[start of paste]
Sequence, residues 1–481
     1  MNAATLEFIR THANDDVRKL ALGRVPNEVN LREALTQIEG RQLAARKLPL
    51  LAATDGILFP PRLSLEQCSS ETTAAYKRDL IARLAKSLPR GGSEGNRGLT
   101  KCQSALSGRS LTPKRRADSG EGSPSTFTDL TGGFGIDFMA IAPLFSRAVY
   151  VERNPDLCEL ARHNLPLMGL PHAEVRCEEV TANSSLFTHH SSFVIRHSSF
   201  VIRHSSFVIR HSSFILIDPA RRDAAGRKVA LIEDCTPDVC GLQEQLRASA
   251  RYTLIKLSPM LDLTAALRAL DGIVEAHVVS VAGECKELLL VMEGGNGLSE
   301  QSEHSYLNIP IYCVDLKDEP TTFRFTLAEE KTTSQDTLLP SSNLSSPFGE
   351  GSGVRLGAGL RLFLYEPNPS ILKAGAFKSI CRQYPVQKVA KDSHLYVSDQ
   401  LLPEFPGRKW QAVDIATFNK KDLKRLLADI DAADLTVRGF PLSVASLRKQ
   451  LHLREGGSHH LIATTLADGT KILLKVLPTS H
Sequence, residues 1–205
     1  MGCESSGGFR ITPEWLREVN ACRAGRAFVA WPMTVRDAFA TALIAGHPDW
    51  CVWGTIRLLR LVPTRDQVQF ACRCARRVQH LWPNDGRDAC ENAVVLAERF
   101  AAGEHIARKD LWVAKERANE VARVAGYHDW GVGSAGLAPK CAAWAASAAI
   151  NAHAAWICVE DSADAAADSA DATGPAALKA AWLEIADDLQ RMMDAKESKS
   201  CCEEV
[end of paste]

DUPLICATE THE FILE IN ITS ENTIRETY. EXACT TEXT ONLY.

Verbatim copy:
Sequence, residues 1–481
     1  MNAATLEFIR THANDDVRKL ALGRVPNEVN LREALTQIEG RQLAARKLPL
    51  LAATDGILFP PRLSLEQCSS ETTAAYKRDL IARLAKSLPR GGSEGNRGLT
   101  KCQSALSGRS LTPKRRADSG EGSPSTFTDL TGGFGIDFMA IAPLFSRAVY
   151  VERNPDLCEL ARHNLPLMGL PHAEVRCEEV TANSSLFTHH SSFVIRHSSF
   201  VIRHSSFVIR HSSFILIDPA RRDAAGRKVA LIEDCTPDVC GLQEQLRASA
   251  RYTLIKLSPM LDLTAALRAL DGIVEAHVVS VAGECKELLL VMEGGNGLSE
   301  QSEHSYLNIP IYCVDLKDEP TTFRFTLAEE KTTSQDTLLP SSNLSSPFGE
   351  GSGVRLGAGL RLFLYEPNPS ILKAGAFKSI CRQYPVQKVA KDSHLYVSDQ
   401  LLPEFPGRKW QAVDIATFNK KDLKRLLADI DAADLTVRGF PLSVASLRKQ
   451  LHLREGGSHH LIATTLADGT KILLKVLPTS H
Sequence, residues 1–205
     1  MGCESSGGFR ITPEWLREVN ACRAGRAFVA WPMTVRDAFA TALIAGHPDW
    51  CVWGTIRLLR LVPTRDQVQF ACRCARRVQH LWPNDGRDAC ENAVVLAERF
   101  AAGEHIARKD LWVAKERANE VARVAGYHDW GVGSAGLAPK CAAWAASAAI
   151  NAHAAWICVE DSADAAADSA DATGPAALKA AWLEIADDLQ RMMDAKESKS
   201  CCEEV